The dump site of waste bin at Cooperative Hostel Idi-Araba College of Medicine, is a threat to good living of students and staffs in that environment. What is your take on it?
Poor handling of waste is a threat to health and the problem of waste is a major problem of Lagos, because of the volume of waste we are generating in a mega city like Lagos. However, the good news is that the hospital has spent a huge amount of money in building an incinerator which is supposed to be incinerating waste. The only challenge now is that we are still waiting for the commissioning of the incinerator by the concerned government official but it’s going to be used very soon they are just trying to get a date fixed.
Concerning the recent fire outbreak in the female hostel at Idi-Araba, the news flash carried some not-so-true news and claimed it to be a result of carelessness by the concerned students. What is your stand on this?
While student carelessness cannot be ruled out, investigation is still ongoing as to the real cause of the fire. Some students had complained of electrical problems on some floors. The message is that all of us need to be alert and vigilant and report promptly any electrical faults and be compliant with hostel rules and regulations.
In one of our recent Interview with a key management staff in Akoka, he stated that the College of Medicine was set up under an “act of parliament” and they draw their budgetary allocation independent of University of Lagos and the provost manages these funds. How is this true? And is there any effect on the benefits of Idi-Araba students?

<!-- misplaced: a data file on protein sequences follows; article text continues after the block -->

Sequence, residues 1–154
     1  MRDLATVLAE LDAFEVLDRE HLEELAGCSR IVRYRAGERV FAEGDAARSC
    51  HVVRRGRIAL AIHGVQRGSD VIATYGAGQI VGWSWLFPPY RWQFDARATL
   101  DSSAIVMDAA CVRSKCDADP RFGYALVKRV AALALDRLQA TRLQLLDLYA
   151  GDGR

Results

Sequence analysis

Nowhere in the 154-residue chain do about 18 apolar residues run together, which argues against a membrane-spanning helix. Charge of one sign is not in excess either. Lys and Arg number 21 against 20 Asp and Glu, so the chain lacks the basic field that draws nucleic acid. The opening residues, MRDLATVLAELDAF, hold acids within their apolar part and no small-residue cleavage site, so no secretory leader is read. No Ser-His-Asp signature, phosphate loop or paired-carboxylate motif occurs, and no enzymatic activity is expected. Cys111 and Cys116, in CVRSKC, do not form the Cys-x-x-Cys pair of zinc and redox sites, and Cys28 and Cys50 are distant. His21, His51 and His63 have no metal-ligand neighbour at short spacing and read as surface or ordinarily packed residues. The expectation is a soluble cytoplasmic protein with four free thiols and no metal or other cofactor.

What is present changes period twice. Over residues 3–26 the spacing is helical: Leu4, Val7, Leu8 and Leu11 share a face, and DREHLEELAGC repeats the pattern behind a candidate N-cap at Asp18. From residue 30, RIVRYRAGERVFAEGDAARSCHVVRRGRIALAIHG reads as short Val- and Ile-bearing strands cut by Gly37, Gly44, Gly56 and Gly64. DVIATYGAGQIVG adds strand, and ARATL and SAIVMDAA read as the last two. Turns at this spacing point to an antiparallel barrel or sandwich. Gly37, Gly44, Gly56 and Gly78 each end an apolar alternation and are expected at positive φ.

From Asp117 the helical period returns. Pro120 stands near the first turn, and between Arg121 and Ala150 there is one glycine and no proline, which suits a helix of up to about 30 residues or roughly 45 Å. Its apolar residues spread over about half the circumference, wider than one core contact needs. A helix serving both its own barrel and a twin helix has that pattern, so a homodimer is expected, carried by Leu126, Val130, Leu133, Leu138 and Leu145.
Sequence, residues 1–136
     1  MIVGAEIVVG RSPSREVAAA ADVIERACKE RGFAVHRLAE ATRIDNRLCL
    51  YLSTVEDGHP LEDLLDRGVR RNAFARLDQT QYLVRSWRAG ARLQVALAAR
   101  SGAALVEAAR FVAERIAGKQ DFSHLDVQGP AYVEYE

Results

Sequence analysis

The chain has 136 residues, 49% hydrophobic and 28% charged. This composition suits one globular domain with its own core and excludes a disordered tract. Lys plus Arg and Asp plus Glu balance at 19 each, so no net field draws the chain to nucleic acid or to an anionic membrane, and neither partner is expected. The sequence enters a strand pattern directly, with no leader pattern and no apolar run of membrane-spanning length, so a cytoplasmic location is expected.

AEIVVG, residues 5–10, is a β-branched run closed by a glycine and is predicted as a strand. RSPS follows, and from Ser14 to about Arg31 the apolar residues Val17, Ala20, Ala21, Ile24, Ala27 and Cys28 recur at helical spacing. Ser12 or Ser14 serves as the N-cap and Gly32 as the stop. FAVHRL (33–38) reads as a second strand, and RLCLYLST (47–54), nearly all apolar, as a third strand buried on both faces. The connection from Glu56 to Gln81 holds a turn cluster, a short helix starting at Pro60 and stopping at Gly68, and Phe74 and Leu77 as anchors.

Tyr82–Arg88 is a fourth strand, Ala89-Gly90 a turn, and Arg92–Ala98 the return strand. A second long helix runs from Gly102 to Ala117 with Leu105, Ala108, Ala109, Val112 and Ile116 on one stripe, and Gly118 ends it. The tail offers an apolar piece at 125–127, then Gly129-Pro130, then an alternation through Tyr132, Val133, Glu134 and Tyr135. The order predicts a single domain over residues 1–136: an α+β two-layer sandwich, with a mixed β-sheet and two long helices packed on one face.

When the College was established in 1962 it was through the Act of Parliament, then it was the only School that was enacted by the Act of Parliament. However, in 1967 there was a new “University of Lagos Act” which puts College under the University of Lagos. Activities like pasting of students result, employment of staffs, payment of salaries etc. are directly from the University. For example, after the College Academic Board meeting on results, they are still sent to the Senate for final approval. While the College is under the University of Lagos, it’s a self-accounting unit, just like DLI or Unilag Consult, that’s the reason why I have a Director of Finance. Nevertheless, the Vice-Chancellor is the Chief Accounting Officer of the University of Lagos. Also, the Provost has responsibility for all students affairs and issues in the College.
This year, AMSUL was invited to represent the College at the NiMSA games, they won gold but the money promised has not be given to the student, we also got the information that some clinical 500l students were not allowed to participate in the game also. Why?
While congratulating them on their feat, I was made aware of some of the challenges they were facing and immediately responded. I am certain the outstanding payment issues will be resolved. Yes, some 500L students wrote to me that they wanted to be part of the NiMSA tournament, the problem was that the tournament clashed with one of their yearly compulsory program.
What is the Update about Radiography Student induction?
The students of the concerned department shall have their induction soon once we have concluded the accreditation visit by their professional body scheduled for November 2018.
Recommendations from The Press Club, UNILAG
- Deratization and Fumigation exercise should be conducted soonest in the hostels, as rat infestation is massively returning.
- A town hall meeting should be organised soon to re-orientate the student on what they need to know and do as regards prevention of fire outbreak.